Friday, November 12, 2010

BOXING FICTION!

BOXING FICTION!

IT HAS BEEN A WHILE SINCE I LAST CHECKED OUT WHAT’S NEW IN ONE OF MY FAVORITE SPORTS GENRES, BOXING FICTION, AND WAS SURPRISED TO FIND A COOL REPRINT AND A COUPLE OF EITHER JUST RELEASED OR SOON TO BE RELEASED TITLES . . .

THE BRUISER

JIM TULLY

INTRODUCTION BY PAUL J. BAUER AND MARK DAWIDZIAK

FOREWORD BY GERALD EARLY

KENT STATE UNIVERSITY PRESS / BLACK SQUIRREL BOOKS

When The Bruiser was first published in 1936, almost every reviewer praised Jim Tully’s gritty boxing novel for its authenticity—a hard-earned attribute. Twenty-eight years before the appearance of The Bruiser, Tully began a career in the ring, fighting regularly on the Ohio circuit. He knew what it felt like to step inside the ropes, hoping to beat another man senseless for the amusement of the crowd. Having won acclaim in the 1920s for such hard-boiled autobiographical novels as Beggars of Life and Circus Parade, Tully thus became both fighter and writer.

“It’s a pip of a story because it is written by a man who knows what he is writing about,” said sportswriter and Guys and Dolls author Damon Runyon. “He has some descriptions of ring fighting in it that literally smell of whizzing leather. He has put bone and sinew into it, and atmosphere and feeling.”

The Bruiser is the story of Shane Rory, a drifter who turns to boxing and works his way up the heavyweight ranks. Like Tully, Shane starts out as a road kid who takes up prizefighting. While The Bruiser is not an autobiographical work, it does draw heavily on Tully’s experiences of the road and ring. Rory is part Tully, but the boxers populating these briskly paced chapters are drawn from the many ring legends the writer counted among his friends: Jack Dempsey, Joe Gans, Stanley Ketchel, Gene Tunney, Frank Moran, and Johnny Kilbane, to name a few.

The book is dedicated to Dempsey, the Roaring Twenties heavyweight champion, who said, “If I still had the punch in the ring that Jim Tully packs in The Bruiser, I’d still be the heavyweight champion of the world today.”

More than just a riveting picture of life in the ring, The Bruiser is a portrait of an America that Jim Tully knew from the bottom up.

FOR MORE CLICK HERE

THE LONLIEST PLACE

ALEC WEEKS

A talented young boxer emerges from the wreckage of the Blitz and the Second World War: Jack Peters has a great natural ability, spotted early on by trainer Eddie Millighan, who takes him under his wing. Soon Eddie's whole family are drawn in to Jack's life, as Jack becomes as close to him as the son he never had.

But it gradually becomes apparent that Jack's unstoppable drive to win is masking another agenda - the burning desire for revenge. As Eddie dedicates himself to building Jack into a champion, will Jack find the peace of mind that has eluded him for so long? This action-packed tale is also a warm, human story of how wartime experiences shape a winner.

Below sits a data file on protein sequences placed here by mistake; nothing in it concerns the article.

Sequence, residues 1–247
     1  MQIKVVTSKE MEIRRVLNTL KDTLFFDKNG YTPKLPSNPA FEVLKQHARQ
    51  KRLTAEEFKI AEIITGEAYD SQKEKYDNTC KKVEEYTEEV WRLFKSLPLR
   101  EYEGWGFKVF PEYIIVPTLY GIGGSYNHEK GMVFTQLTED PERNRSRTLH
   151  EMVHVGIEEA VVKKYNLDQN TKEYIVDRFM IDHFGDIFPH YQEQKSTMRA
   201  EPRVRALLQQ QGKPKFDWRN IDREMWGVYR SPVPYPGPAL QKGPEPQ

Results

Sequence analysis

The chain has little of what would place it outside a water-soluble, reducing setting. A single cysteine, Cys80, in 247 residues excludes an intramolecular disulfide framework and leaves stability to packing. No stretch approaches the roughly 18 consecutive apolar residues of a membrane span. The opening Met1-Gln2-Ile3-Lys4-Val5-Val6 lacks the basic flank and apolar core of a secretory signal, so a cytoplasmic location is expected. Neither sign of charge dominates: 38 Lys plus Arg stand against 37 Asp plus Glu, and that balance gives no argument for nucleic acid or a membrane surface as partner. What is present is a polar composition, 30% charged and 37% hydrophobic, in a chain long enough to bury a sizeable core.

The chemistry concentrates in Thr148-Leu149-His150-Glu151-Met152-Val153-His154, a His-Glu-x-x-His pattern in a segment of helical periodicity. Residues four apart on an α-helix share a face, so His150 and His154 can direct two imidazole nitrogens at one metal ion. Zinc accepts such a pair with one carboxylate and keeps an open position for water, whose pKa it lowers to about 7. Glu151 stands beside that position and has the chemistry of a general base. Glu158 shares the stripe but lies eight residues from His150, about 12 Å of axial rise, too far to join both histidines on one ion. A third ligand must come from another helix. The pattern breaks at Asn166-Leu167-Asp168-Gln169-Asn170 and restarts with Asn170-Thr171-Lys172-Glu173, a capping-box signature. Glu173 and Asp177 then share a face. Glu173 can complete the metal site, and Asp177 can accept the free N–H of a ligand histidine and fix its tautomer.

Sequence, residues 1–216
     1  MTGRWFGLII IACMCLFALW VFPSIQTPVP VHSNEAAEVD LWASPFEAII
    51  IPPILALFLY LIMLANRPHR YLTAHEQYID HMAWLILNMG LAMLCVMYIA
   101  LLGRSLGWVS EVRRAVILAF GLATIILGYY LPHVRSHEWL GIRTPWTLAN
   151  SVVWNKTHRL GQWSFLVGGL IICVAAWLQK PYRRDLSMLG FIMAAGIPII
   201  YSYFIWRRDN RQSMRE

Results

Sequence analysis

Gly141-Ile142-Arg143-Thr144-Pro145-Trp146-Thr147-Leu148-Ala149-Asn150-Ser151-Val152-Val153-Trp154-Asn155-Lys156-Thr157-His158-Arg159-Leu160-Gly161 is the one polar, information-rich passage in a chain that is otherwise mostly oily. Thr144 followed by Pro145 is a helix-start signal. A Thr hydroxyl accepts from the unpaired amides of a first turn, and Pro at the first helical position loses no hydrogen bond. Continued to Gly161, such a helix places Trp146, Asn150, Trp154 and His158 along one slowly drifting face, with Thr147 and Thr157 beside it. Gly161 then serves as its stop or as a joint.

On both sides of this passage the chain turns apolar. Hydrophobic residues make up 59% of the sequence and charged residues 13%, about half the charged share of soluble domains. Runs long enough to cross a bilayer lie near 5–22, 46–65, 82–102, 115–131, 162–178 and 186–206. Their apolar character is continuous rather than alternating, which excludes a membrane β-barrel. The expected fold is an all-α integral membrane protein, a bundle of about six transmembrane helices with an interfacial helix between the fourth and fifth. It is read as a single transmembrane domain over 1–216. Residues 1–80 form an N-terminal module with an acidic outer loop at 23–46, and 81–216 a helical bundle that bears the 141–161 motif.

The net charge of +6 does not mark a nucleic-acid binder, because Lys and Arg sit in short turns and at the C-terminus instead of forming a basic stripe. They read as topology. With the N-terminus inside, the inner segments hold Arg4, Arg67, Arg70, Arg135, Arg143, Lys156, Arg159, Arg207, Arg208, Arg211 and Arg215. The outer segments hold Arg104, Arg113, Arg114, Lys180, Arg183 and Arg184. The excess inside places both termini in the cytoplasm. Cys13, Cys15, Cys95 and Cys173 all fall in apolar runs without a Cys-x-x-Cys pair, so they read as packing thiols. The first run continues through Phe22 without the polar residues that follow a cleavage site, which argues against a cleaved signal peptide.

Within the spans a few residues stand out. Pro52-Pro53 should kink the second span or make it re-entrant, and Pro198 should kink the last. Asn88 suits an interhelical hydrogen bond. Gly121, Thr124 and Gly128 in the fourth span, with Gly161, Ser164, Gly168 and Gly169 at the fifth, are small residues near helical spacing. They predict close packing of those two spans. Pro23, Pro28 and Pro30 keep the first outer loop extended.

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STORMY PETREL

ALEC WEEKS

Eddie 'Boy' Walker is a boxer with a chance of the title. When his crooked manager - one Pablo Mesinne - asks him to throw his latest fight, Eddie and trainer Sydney West have other plans. After the fight they decide to lay low, somewhere beyond the reach of Pablo and the shadowy crime syndicate The Group. But when Eddie catches his fiancee with another man - one of Pablo's own henchmen no less - he sees red and the fighter in him is unleashed.

Thirteen years later Eddie is ready to start again. With his faithful dog Jessie by his side, he stumbles into the lives of Mike and Sue Shepherd, struggling farmers in the North of England. Together they show him the love and respect he hasn't known for so long. Over time, he is able to confess and relive his past - the attack, the arrest, the sentence, the time. And perhaps, just perhaps, a new future lies ahead; even - all things being equal - one last shot at the title . . .

The second novel by former BBC sports producer Alec Weeks (Match of the Day), Stormy Petrel is a tale of courage, failing, loyalty and second chances.

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THE FIXER

STEVE BUNCE

Ray Lester is a fixer in the boxing business. He makes fights happen. He builds a bridge and guides boxers across to the negotiating table. Ray Lester is good at his job. Then one morning a girl arrives at Ray's door and asks him for help finding her father, an old-school Vegas crooner called Eddie Lights.

Ray travels with his questions to Sin City, along with 30,000 other Brits with their Union Jacks on the way to watch Hatton take on Mayweather. But before long, the boys in leather jackets from back east on his tail and Ray finds himself embroiled in a murderous plot. So begins a journey into the murky world of deals, fights and fighters.

It is a world beyond the glitz, glamour and glory, where men like Ray Lester operate. It is a world where the fixer is king.

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WAITING FOR CARVER BOYD!

THOMAS HAUSER

Waiting For Carver Boyd is Thomas Hauser's most riveting work to date. It tells the tale of a young fighter who rises from obscurity to challenge for the most coveted prize in sports, the undisputed heavyweight championship of the world. It's a special book that moves back and forth with increasing intensity between the bright lights and shadows of professional sports.

It's about hope, anger, loss and belief in oneself. It's a love story with a special twist. On occasion, a unique book breaks with traditional thinking and demands attention.

Waiting For Carver Boyd is different from any novel you've ever read. Spend an hour with it. You won't be disappointed. The experience will stay with you forever.

FOR MORE CLICK HERE

1 comment:

David Cranmer said...

That image of The Bruiser reminds me of...